Forensic Psychology is a specialty in professional psychology characterized by activities primarily intended to provide professional psychological expertise within the judicial and legal systems.
According to the American Psychological Association:
Things to Know About Forensic Psychology
The clinical-forensic population is composed broadly of individuals who may present with a psychiatric diagnosis or may have other characteristics that are relevant to a clinical-legal decision and who are involved with the judicial system. That is, each individual has an identifiable clinical status (broadly considered) and legal status. Individuals can be broadly categorized into two subpopulations:
Civil: those involved in civil litigation (e.g., plaintiffs in personal injury suits, persons subject to civil commitment, parties to child custody cases, litigants in workers’ compensation suits, individuals seeking or contesting the need for guardianship, individuals being assessed for disability).
Criminal: those involved in criminal and delinquency proceedings (e.g., defendants raising issues such as competency to stand trial, insanity, diminished capacity, sentencing considerations or juvenile waiver, defendants adjudicated as incompetent to stand trial and in need of treatment to help restore competence, defendants acquitted by reason of insanity and in need of treatment to help progress through secure hospitalization and reintegrate safely into the community).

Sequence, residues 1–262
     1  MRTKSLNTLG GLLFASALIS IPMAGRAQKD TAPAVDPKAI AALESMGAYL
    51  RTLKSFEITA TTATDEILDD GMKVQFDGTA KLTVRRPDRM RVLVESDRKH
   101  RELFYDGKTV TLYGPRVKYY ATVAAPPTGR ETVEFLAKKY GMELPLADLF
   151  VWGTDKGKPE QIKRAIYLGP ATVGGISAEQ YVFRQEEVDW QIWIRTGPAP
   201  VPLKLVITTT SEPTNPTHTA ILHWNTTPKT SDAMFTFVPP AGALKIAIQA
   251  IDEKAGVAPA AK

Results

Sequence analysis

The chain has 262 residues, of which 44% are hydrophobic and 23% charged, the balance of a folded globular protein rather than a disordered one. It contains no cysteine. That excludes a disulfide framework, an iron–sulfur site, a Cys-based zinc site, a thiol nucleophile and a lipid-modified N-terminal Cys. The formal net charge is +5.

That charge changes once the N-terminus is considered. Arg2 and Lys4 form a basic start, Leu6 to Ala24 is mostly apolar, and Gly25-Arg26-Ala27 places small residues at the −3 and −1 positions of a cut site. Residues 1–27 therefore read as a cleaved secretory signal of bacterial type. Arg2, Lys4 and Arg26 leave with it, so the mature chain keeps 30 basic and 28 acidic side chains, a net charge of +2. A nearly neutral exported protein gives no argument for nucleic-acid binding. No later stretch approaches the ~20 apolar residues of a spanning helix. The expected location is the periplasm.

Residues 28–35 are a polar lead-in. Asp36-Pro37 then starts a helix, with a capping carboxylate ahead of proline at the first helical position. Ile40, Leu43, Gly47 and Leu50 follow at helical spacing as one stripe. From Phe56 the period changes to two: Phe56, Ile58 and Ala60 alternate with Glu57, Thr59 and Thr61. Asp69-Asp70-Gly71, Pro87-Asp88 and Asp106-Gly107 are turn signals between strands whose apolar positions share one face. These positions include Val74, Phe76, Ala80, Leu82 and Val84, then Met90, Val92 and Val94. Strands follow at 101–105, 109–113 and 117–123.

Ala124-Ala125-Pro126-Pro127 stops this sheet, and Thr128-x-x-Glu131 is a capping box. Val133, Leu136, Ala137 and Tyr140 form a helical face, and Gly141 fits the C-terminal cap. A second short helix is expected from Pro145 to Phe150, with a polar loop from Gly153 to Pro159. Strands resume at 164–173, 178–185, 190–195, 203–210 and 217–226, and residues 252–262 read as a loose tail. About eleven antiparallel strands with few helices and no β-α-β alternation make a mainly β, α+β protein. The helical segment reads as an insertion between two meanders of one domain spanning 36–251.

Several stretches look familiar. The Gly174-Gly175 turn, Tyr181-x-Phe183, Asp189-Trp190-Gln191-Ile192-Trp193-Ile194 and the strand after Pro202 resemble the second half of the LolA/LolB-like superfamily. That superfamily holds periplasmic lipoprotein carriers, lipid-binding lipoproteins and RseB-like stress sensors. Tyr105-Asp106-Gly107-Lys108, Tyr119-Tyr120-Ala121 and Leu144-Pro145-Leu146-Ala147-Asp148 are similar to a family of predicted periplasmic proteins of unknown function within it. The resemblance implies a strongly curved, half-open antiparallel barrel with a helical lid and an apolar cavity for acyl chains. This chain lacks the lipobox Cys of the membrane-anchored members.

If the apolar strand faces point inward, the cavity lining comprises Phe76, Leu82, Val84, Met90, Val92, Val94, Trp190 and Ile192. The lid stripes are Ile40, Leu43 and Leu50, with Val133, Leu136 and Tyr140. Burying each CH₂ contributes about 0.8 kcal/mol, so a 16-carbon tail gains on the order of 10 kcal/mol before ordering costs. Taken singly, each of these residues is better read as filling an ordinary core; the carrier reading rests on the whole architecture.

The legal population services are provided to include:
- Attorneys (civil and criminal)
- Courts (federal, state, district, and county; trial and appellate; presiding over probate, family, juvenile, constitutional, civil and criminal matters)
Problems presented by the clinical-forensic population span the entire clinical spectrum within a legal context that may result in civil and criminal legal questions that courts must ultimately decide.
Our Forensic Examination Cases include:
Civil and criminal competencies
Competency to proceed (stand trial):Competency to Stand Trial is most simply defined as the defendant’s ability to understand and participate in the court proceedings.
Competency to waive Miranda:Psychologists assess whether there are any cognitive problems or mental health disorders that may have impaired the defendant’s ability to waive Miranda rights knowingly, intelligently, and voluntarily. Often, these evaluations are conducted to gain insight into the individual’s Competency to Confess or the validity of a Miranda waiver.
Testamentary capacity (competency to execute wills and trusts)
Personal injury and tort cases
Negligent or intentional infliction of emotional injury
Malingering and under reporting of damages in plaintiffs
Second opinion or serving as a rebuttal witness
Opposing expert reports that lack scientific support or contain other sources of bias
Faulty interpretation of Psychological and Neuropsychological instruments
Junk science in the courtroom